A few days before Japanese artists Otani Workshop, Yuji Ueda, and Kazunori Hamana flew into New York to discuss their group show at the Blum & Poe gallery in New York (running through April 9, 2016) curated by Takashi Murakami, the ground floor of NeueHouse Madison Square turned into a gallery of its own, with enormous pieces by each ceramicist displayed next to each other. The work, although stylistically different, is a testament to the organic nature of the Japanese ceramic work, as all three artists have an appreciation for the raw materiality of clay and the way that it can be maleated artistically. Ahead of their conversation at NeueHouse with Murakami and Tim Blum, we sat down with the ceramicists, where they talked to us about the importance and the beauty of the natural world.
NJ: How did the collaboration between all of you come about and what has working together been like?
Takashi Murakami: I first chose Otani Workshop around four or five years ago, when he was working with Yoshitomo Nara. I went to a gallery and bought some of his ceramics since I thought his pieces were very gripping, and at the time I was opening a ceramic gallery, which is why I invited him to be a part of it. He introduced me to this guy, Yuji Ueda, whom I knew was a very good ceramic artist, but I didn’t like his pieces because they confused me and were very abstract. However he was very highly recommended to me, and he is the best. Western people have a good reaction to Japanese art, and Ueda’s art falls under that.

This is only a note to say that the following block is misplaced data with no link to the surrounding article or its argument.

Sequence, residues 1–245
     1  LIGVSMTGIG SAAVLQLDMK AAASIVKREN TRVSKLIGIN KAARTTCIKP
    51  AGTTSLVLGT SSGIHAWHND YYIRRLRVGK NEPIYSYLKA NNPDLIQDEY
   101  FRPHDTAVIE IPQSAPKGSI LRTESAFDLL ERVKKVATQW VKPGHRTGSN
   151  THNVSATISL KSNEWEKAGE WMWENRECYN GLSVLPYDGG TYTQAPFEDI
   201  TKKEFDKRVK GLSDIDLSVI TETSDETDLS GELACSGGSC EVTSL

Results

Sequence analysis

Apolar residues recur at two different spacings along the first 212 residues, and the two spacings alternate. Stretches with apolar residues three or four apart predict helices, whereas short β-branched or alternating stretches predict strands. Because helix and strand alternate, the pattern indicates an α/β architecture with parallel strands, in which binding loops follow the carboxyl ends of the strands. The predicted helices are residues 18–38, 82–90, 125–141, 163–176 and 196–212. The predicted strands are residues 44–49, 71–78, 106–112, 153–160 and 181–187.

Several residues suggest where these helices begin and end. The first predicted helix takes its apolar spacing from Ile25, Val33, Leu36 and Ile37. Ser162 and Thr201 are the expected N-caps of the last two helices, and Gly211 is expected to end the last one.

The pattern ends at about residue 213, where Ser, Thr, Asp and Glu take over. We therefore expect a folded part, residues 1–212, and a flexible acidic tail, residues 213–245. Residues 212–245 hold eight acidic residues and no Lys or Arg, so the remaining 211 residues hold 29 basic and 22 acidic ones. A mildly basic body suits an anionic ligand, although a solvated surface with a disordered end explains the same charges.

One day I went to his show and he served me Japanese tea from his grandfather’s tea farm, which was very nice and very sweet. When I drank the tea everything changed. The combination of the taste of the tea and his work’s abstraction…I hated his piece, but hate is kind of the opposite of love.
About three years ago I saw Mr. Hamana’s work in a blog, and then a friend of mine, a Turkish guy who was a gallerist in Tokyo, chose a very unique piece by Mr. Hamana, so I called him to ask who the artist was. I ended up buying the piece and then invited him to my gallery, which he was very interested in. In the ‘80s he was in the sneaker business in Japan, importing Nike Air Jordan’s and other popular shoes, which made him a very successful businessman. But he got very tired of this business and went back to the countryside, where he started making ceramics. His career is very interesting and his pieces are very good.
What I like is that these three guys are outsiders in the Japanese ceramic scene, so it was great to have them all in my gallery. Mr. Tim Blum, from Blum & Poe, came to my gallery and chose the three of them to make a show in Los Angeles first, and then here.
NJ: What do you admire the most about each other’s work?
Kazunori Hamana: I think what we can each do is probably limited because we are all working with clay. In a sense, our works are all similar, because even though the style might be different, they are organic and focused on the material. If you attempt to change something in the material, it will become artificial, and we are all interested in its nature.
NJ: How do you think the influence of Japan makes your work different than that of other artists?
Otani Workshop: I can only see things from the Japanese point of view because I’m Japanese, but from my perspective American ceramic artists’ work, concept, color, and shape seem very strong and distinct. So perhaps my own work seems a little bit ambiguous in comparison, and that might be Japanese in nature.
Photography by Samantha Nandez
NJ: What do you consider your greatest achievement?